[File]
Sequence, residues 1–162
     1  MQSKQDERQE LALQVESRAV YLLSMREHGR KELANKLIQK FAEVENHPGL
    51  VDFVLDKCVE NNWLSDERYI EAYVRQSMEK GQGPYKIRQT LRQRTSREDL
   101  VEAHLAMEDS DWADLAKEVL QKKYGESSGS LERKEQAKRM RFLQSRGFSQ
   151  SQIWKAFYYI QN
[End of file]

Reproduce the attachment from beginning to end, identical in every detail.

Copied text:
Sequence, residues 1–162
     1  MQSKQDERQE LALQVESRAV YLLSMREHGR KELANKLIQK FAEVENHPGL
    51  VDFVLDKCVE NNWLSDERYI EAYVRQSMEK GQGPYKIRQT LRQRTSREDL
   101  VEAHLAMEDS DWADLAKEVL QKKYGESSGS LERKEQAKRM RFLQSRGFSQ
   151  SQIWKAFYYI QN